We are all going to die. That’s a fact.
All of us also need to lose ten pounds, exercise five times a week, quit smoking and stop listening to identity politics media.
As humans, we are one of the few species that can project and imagine the future. And we are really not very good at it. Given that we know we are going to die eventually, we rationalize and postpone changing our bad habits.
So what makes us environmentalists believe that telling people that we are all going to die by cooking in our own juices, is going to cause us to change our ways? The earth is in a world of hurt. We certainly need to collectively act to save ourselves and our children from an ugly future. It might be satisfying to use fear as a motivator, but it’s not working, and it’s not helping.
Why is it satisfying to use fear? I’ve thought about this, and the best I can come up with is that our brains are wired for fear. We need to be able to react quickly when the saber-toothed tiger comes prowling. Those that react, survive and pass on that gene.
It’s also clear that today’s media is fear-based. We have an attention-based economy. That economy is driven by clicks, buzzes, responses, likes, shares, and more. (Please stop looking at your phone now.) What gets more clicks and our attention? Fear. So we see all kinds of stories that create fear. Someone in your city of Atlanta has Ebola. Will the city be the epicenter of a North American plague? The story omits the fact that Ebola is really hard to catch and the person is quarantined at the CDC. Or, maybe you read a headline, “When will ISIS come to your backyard?” The story omits that more people are killed by auto-accidents in the US than by ISIS-based terror attacks. But we get a reaction. When we click and respond, our brains produce dopamine. A natural high. So like rats in an experiment, we keep clicking.
Fear is good for capturing attention, but what happens next? When the information is too scary, we tend to discount it and ignore it. We prioritize our lived experiences over future predictions. When we see those awful pictures of lung cancer for cigarette campaigns our brains go right past them because we don’t have lung cancer, and they’ll have a cure soon. We tend to switch the channel when the commercial comes on. The same thing happens in the environmental movement.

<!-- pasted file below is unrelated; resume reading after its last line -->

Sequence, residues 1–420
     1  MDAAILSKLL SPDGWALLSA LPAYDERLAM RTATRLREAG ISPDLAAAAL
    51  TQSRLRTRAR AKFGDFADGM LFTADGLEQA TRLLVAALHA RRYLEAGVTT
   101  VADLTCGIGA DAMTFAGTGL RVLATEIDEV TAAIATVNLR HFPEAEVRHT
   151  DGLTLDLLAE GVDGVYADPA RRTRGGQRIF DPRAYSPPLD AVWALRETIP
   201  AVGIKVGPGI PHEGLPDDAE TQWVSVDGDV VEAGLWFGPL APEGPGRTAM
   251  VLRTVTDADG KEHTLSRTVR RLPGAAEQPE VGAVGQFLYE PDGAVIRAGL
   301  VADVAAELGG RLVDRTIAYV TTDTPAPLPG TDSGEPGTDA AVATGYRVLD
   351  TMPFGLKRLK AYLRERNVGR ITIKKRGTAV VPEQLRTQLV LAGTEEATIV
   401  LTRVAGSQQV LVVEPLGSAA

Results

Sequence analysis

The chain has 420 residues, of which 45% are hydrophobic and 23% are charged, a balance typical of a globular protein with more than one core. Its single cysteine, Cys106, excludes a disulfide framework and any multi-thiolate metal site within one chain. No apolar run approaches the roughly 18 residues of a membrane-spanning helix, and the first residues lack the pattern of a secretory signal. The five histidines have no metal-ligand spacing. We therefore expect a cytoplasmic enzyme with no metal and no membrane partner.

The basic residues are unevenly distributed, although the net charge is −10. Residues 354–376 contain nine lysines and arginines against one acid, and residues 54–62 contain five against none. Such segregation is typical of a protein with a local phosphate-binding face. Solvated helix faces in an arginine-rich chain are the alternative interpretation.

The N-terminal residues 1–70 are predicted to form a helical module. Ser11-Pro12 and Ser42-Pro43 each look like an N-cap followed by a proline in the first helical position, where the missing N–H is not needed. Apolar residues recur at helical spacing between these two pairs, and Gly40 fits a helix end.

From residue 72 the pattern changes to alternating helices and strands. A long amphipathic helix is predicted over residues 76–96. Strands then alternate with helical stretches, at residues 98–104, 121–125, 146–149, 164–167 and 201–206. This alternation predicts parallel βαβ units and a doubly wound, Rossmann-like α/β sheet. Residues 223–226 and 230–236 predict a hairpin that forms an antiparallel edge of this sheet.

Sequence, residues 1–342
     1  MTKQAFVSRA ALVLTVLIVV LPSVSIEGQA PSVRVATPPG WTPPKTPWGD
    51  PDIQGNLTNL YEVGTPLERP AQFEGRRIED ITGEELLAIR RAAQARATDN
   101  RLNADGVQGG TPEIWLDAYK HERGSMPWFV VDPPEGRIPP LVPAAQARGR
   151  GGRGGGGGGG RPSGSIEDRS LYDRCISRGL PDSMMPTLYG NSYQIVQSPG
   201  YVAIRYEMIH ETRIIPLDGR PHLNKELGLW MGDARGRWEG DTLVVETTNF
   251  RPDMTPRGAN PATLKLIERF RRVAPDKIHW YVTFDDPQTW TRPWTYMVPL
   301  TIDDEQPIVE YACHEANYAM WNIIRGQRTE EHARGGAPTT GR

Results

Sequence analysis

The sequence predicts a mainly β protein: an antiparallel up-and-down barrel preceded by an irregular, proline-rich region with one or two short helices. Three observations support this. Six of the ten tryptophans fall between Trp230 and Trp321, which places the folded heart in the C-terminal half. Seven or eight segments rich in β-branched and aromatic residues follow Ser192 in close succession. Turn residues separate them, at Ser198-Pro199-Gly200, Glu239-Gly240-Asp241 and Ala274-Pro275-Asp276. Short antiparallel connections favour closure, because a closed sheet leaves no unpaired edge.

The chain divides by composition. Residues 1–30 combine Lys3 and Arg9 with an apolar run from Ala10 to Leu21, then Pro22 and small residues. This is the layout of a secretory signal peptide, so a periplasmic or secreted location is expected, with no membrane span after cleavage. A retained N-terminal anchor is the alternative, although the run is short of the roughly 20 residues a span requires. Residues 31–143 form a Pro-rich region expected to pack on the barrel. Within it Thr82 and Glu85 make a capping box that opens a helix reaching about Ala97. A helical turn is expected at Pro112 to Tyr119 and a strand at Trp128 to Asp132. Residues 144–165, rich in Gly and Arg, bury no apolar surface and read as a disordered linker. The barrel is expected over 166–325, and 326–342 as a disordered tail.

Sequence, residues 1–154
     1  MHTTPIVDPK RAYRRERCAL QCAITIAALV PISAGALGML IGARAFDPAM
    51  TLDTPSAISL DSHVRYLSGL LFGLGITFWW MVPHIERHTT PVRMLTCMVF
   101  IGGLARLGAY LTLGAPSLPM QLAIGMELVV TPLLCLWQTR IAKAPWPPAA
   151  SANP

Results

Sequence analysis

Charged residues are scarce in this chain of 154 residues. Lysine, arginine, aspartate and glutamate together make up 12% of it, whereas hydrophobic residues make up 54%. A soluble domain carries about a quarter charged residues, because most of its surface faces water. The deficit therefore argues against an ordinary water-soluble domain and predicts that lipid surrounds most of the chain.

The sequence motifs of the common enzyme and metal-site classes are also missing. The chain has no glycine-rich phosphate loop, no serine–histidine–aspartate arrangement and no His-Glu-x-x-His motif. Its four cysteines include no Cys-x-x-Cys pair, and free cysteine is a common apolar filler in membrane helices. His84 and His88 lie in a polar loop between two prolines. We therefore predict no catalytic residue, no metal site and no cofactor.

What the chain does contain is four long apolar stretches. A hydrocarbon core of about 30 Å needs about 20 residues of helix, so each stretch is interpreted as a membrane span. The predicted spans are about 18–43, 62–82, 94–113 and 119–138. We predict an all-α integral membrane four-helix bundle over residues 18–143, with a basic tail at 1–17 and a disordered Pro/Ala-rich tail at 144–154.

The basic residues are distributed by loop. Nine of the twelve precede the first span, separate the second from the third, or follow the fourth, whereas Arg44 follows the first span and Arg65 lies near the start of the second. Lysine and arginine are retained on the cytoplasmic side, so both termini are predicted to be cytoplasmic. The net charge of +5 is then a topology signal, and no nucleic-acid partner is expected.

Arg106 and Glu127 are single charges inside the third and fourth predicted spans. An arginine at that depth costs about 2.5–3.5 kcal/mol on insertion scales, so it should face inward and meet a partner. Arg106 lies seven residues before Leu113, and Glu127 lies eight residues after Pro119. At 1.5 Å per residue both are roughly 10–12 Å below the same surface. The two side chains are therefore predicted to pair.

When we see people in floods or droughts or melting ice caps, it can create awareness, but it can also create a feeling of hopelessness. This lack of hope is often associated with inaction and decreased goal-directed behavior. This is particularly true when the action being called for is out of proportion, such as “Our icecaps are melting, please recycle.” We are less likely to act when the results seem hopeless and the ending seems inevitable. We experience something I will call “Environmental Fatigue.” The key terms here should be hope and proportionality. Hope is the antidote to fear.
A key factor to reduce hopelessness is making the environmental story about a collective effort. The climate crisis is the most serious problem we face as a civilization, and “together” we can act. No doubt we need to act individually, but when I am told I must become a vegetarian because of cow farts, I tend to discount my personal actions as having an impact. Rather if I can support or call my legislators to get them to vote for more renewable energy or less coal or more electric vehicles, that is something that I can do. Can I subscribe to Renewable Energy Credits from my utility? Can I lease an electric vehicle? My neighbor does. By focusing on solutions, it gives us a sense of hope and accomplishment.
The environmental cause can also be helped by stories of success. We are motivated by love, belonging, mattering and meaning. These can be conveyed through stories. There are lots of stories of environmental heroes who are helping. When we tell stories of environmental heroes, we create a sense of desire to belong. Belonging to the group is a first step to getting people to act. So when Wangari Muta Maathai, a Kenyan activist started a movement to plant 50 million trees to stop desertification in East Africa, we are all motivated by a sense of hope. It causes us to want to help.
Creating doomsday scenarios is a reaction to the frame that global warming isn’t real (or can’t be helped). We will never succeed by trying to argue against this frame. This doesn’t mean that the truth or severity of our situation isn’t important. We are better served by, not ignoring facts, but using them judiciously. It’s a matter of balance. The civil rights movement was faced with all sorts of hideous and fear-based situations, but it also had and still has heroes that inspire hope and create a vision for collective action. We need more of this in the environmental movement and less doomsaying if we expect people to begin to take action.
We Are All Connected!
L. Hobart Stocking
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